NERATION ago boutique financial firms were viewed with suspicion. Unless you were the owner, then if you were involved with a boutique firm you probably earned less, and had fewer career opportunities than your peers who worked for large, well-known institutions.
But in the last decade boutiques have been revolutionised and the previous reasons to spurn them have been turned on their head. As we emerge from the financial crisis that has seen some of the titans of the investment banking world fall to their knees, the attraction of working for a smaller company has grown.
Firstly, the pay differential has narrowed and small hedge funds, banks and asset managers can afford to pay as much as the top investment banks. The collapse of Lehman Brothers in 2008 was another blow to the idea that working for a large firm protected employees from the threat of corporate collapse through insolvency.
Also, the media scrutiny surrounding bankers’ bonuses could benefit boutique firms: “Bigger firms are much more in the public eye and some people will want the anonymity that a small firm can offer in this environment, particularly senior people and high earners,” says Ken Brotherston, chief executive of headhunter Kinsey Allen International.
For some people the attraction of working for a small firm is greater productivity. Alan Miller set up Spencer-Churchill Miller Private, a wealth management organisation, last year with his business partner, Alexander Spencer-Churchill. After working for asset manager Gartmore in the 1990s he moved to boutique firms before starting his own company.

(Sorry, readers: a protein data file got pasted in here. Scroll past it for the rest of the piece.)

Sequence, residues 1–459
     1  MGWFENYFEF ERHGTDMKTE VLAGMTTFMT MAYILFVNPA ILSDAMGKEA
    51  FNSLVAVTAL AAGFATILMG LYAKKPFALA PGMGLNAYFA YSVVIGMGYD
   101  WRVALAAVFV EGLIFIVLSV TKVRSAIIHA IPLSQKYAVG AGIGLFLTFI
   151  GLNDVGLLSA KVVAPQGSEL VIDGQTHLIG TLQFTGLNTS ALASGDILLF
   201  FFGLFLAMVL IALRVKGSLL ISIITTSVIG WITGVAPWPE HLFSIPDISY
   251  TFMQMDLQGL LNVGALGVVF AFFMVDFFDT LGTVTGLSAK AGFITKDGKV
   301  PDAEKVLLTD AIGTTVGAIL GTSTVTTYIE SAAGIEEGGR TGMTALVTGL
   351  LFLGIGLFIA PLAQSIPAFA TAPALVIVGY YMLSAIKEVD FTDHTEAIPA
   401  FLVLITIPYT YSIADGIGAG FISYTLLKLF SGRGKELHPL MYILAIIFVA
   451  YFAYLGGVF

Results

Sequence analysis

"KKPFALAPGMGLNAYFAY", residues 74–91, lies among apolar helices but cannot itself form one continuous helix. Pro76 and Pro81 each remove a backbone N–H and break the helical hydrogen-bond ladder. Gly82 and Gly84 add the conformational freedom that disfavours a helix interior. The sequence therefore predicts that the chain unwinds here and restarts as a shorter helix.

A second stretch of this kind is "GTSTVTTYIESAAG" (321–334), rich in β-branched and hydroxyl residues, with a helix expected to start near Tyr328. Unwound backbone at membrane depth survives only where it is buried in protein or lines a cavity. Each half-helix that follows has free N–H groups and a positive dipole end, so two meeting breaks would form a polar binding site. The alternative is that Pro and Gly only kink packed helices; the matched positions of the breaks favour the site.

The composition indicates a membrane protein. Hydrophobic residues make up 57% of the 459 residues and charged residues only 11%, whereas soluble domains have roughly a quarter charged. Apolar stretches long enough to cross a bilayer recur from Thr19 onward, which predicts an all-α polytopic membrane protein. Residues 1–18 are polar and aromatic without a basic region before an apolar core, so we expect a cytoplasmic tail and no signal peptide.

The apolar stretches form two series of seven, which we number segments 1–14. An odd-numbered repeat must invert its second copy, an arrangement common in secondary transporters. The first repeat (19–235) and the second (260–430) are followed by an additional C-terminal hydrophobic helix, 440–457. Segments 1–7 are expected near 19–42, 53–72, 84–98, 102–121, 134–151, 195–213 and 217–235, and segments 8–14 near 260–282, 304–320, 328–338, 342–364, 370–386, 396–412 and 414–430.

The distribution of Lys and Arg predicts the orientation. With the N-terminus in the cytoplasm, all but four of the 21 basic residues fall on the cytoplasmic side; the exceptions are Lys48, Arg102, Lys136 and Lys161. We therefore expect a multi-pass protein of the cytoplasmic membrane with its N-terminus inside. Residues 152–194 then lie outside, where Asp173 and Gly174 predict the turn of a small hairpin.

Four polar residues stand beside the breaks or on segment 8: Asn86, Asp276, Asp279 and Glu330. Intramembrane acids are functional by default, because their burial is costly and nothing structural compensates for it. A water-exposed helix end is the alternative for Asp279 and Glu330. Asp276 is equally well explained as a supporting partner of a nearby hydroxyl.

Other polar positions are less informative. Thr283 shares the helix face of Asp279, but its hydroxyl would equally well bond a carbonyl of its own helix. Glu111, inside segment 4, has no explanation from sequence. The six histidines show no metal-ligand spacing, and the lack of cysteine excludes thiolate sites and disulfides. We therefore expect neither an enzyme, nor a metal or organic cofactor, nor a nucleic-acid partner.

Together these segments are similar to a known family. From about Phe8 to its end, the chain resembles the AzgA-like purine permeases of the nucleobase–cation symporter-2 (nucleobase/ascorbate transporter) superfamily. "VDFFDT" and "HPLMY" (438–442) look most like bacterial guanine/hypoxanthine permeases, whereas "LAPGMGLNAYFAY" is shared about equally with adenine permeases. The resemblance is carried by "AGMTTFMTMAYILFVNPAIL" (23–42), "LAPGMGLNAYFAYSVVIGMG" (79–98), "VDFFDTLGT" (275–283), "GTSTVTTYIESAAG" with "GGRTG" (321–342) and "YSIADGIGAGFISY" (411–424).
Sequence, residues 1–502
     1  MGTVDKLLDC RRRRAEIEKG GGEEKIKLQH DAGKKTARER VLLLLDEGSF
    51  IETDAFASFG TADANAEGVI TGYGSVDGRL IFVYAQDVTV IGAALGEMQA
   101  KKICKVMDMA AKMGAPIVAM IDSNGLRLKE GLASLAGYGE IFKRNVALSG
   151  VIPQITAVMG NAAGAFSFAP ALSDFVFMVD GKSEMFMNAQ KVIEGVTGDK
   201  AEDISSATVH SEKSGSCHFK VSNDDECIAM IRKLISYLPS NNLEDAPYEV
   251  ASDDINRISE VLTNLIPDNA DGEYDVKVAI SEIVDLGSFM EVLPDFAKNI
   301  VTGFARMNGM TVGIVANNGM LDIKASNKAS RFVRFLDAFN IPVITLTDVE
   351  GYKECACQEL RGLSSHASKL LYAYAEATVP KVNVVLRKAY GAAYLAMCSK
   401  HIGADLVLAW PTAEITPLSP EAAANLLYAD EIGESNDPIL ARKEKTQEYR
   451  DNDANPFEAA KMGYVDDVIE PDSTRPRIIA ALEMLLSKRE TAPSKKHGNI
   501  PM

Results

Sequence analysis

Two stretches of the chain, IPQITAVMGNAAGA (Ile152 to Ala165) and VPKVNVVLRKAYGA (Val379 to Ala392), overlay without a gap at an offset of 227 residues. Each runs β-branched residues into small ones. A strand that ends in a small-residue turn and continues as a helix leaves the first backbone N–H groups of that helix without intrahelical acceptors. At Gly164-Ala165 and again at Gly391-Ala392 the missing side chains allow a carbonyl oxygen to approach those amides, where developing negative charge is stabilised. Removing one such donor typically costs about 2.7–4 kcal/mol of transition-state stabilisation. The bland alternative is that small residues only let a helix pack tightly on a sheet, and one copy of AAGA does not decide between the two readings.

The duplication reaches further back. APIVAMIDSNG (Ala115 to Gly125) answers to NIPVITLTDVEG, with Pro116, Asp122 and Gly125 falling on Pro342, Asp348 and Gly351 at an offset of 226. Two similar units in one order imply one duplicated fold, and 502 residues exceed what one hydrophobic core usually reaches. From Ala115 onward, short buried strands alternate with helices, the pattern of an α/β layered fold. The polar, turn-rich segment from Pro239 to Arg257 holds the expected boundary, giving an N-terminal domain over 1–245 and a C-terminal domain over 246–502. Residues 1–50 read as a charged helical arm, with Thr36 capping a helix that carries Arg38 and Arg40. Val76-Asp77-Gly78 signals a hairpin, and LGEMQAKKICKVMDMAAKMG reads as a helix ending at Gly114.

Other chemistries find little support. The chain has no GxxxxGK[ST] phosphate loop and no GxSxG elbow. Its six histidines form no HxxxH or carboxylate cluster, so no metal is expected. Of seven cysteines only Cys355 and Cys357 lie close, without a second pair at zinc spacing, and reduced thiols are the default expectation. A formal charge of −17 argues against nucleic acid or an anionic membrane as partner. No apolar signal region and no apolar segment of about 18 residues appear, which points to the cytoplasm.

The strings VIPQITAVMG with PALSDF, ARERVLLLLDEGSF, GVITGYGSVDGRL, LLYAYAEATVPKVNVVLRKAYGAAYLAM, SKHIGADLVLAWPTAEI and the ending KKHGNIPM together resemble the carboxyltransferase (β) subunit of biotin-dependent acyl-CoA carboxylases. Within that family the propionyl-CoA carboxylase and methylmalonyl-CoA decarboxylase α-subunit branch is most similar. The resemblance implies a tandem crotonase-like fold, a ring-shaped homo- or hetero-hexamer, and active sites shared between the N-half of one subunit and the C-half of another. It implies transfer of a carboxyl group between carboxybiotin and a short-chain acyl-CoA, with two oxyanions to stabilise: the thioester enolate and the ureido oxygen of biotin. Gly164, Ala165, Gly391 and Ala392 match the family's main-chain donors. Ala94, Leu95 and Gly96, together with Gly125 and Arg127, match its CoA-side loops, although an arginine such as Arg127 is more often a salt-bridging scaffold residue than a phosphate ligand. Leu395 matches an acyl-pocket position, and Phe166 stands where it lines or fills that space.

“I believe that success in fund management comes down to the culture,” says Miller. “From the way that people work together, the way they are incentivised and the fun they have. These build performance.”
He also says that boutique companies are more nimble and can easily adapt to new situations, whereas large firms can easily become institutionalised and heavily bureaucratic, which detracts from the most important part of a fund manager’s job: generating profits for their clients.
“Once fund managers lose that culture it’s very difficult to get it back,” says Miller. “When management succumb to a managerial mind-set and start thinking about marketing, then it can become a nasty disaster.”
Miller also says that unlike big firms, which recruit teams of analysts and economists to work in fund management,big teams are not always better. Bear in mind that the world’s most famous investment gurus, such as Omaha’s Warren Buffet, often work with a small staff.
Sometimes people take the plunge and leave a large firm because they lose faith in the way their organisation does business. Yogi Dewan set up Hassium Asset Management in 2006 after leaving Goldman Sachs’ private wealth management division. He grew disillusioned with Goldman: “Back in 2006 investment banks had lost their way with wealth management. It became more commercial and I felt more like a product salesperson for the bank rather than an asset manager.”